Glucometer Detects SARS-CoV-2 Antibodies Quickly
Glucose meters, which are readily available, easy to use and can be integrated with remote clinical services. Researchers have been adapting these devices to sense other target molecules, coupling detection with glucose production.
If a detection antibody in the test binds to an antibody in a patient’s blood, then a reaction occurs that produces glucose something the device detects very well.
Invertase is an attractive enzyme for this type of analysis because it converts sucrose into glucose, but it’s difficult to attach the enzyme to detection antibodies with chemical approaches.
So, Netzahualcóyotl Arroyo-Currás, Jamie B. Spangler and colleagues wanted to see whether producing a fusion protein consisting of both invertase and a detection antibody would work in an assay that would allow SARS-CoV-2 antibody levels to be read with a glucose meter.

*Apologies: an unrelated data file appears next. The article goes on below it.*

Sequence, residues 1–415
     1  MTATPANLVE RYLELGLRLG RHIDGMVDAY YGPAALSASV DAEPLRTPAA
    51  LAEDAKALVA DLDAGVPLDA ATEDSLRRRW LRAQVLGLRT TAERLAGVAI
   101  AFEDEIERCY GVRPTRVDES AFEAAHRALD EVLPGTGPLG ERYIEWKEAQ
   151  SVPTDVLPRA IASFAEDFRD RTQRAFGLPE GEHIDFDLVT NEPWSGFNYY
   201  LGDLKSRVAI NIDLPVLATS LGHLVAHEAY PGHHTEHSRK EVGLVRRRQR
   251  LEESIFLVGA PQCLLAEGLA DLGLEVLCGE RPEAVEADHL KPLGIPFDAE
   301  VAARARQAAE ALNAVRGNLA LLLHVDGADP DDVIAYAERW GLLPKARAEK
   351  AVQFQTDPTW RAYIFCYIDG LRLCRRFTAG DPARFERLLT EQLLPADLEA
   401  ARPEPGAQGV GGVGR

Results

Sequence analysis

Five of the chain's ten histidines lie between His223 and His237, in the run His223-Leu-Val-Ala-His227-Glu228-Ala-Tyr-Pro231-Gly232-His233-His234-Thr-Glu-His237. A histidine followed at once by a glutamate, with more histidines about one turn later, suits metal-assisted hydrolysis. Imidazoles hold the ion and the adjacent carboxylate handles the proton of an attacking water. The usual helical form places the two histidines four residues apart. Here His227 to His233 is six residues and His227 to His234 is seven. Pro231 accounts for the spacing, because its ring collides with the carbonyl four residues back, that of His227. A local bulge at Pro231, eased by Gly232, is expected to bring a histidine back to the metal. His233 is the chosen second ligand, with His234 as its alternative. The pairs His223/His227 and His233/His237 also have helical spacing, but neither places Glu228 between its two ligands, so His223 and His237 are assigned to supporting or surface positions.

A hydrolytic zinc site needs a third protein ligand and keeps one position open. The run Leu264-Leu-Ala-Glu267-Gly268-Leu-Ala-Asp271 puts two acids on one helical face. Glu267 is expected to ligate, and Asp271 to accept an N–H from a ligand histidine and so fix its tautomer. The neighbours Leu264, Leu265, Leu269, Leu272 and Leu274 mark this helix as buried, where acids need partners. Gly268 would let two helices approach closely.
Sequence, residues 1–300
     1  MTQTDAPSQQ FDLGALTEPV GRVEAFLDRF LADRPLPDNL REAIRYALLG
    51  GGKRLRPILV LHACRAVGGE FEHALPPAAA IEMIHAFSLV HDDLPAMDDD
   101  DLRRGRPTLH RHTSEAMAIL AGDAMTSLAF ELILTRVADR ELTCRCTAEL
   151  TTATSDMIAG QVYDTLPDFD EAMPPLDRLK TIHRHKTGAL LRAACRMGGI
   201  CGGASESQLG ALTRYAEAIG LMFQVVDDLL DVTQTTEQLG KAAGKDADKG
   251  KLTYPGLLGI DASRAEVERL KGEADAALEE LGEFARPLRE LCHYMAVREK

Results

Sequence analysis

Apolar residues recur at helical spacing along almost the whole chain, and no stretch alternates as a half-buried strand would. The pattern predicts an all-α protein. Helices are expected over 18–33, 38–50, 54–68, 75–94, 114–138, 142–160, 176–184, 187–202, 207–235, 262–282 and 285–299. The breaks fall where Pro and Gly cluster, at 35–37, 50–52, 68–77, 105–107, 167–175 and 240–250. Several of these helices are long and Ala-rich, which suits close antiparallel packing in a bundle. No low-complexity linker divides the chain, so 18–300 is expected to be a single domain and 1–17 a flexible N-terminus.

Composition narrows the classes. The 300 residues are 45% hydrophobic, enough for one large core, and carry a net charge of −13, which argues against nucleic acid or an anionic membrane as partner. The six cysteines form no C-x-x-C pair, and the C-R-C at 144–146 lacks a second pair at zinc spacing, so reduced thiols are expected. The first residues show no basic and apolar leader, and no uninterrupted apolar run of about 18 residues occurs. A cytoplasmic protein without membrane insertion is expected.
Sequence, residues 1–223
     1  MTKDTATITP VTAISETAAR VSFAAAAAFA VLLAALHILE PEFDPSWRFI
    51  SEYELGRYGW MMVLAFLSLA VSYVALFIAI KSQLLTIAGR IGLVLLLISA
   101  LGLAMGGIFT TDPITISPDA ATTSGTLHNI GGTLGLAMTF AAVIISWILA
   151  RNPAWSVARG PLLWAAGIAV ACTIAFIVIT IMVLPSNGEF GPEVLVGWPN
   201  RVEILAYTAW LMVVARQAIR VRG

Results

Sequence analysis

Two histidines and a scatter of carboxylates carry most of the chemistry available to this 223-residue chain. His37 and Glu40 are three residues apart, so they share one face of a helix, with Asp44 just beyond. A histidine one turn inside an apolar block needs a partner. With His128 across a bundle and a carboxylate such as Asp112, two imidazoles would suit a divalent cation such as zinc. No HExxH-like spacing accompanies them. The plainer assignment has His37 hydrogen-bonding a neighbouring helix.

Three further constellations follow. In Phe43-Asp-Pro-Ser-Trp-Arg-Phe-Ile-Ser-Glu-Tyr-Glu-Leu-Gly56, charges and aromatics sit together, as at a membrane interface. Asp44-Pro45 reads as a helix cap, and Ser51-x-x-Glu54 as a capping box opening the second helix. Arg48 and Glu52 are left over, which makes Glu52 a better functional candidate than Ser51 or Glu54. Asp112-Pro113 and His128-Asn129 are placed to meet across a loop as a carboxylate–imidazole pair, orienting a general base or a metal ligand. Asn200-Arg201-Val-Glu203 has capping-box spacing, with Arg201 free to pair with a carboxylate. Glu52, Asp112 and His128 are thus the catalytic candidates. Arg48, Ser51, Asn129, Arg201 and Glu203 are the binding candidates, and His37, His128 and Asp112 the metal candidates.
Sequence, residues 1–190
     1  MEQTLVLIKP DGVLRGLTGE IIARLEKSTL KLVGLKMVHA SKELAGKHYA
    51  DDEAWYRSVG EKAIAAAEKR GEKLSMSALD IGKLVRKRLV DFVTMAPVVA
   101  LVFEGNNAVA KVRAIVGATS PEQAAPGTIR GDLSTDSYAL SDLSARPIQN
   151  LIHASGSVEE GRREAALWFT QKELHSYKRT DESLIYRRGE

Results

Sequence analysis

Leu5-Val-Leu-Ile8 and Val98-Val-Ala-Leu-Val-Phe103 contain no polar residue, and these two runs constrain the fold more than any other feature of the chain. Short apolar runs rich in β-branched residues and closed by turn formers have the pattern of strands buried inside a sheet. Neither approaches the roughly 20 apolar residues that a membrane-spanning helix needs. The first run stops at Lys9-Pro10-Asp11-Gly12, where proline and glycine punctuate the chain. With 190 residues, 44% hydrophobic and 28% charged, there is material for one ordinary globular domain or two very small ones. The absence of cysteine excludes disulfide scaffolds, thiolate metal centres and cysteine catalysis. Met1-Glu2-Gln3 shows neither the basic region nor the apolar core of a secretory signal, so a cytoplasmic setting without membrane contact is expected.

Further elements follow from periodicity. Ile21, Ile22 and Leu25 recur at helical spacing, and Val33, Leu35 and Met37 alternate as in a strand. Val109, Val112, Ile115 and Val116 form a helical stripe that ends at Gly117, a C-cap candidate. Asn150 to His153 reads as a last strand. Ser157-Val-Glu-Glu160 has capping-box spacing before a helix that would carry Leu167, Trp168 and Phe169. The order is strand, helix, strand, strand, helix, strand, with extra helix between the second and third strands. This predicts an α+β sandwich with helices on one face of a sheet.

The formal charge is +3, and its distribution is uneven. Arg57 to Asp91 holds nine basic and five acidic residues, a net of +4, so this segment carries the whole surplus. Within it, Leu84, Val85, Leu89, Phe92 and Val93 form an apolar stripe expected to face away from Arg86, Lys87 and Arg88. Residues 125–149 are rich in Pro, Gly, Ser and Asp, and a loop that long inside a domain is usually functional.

Role of Novel Fusion Protein
The researchers designed and produced a novel fusion protein containing both invertase and a mouse antibody that binds to human immunoglobulin (IgG) antibodies.
They showed that the fusion protein bound to human IgGs and successfully produced glucose from sucrose. Next, the team made test strips with the SARS-CoV-2 spike protein on them.
When dipped in COVID-19 patient samples, the patients’ SARS-CoV-2 antibodies bound to the spike protein. Adding the invertase/IgG fusion protein, then sucrose, led to the production of glucose, which could be detected by a glucose meter.
They validated the test by performing the analysis with glucose meters on a variety of patient samples, and found that the new assay worked as well as four different ELISAs. The researchers say that the method can also be adapted to test for SARS-CoV-2 variants and other infectious diseases.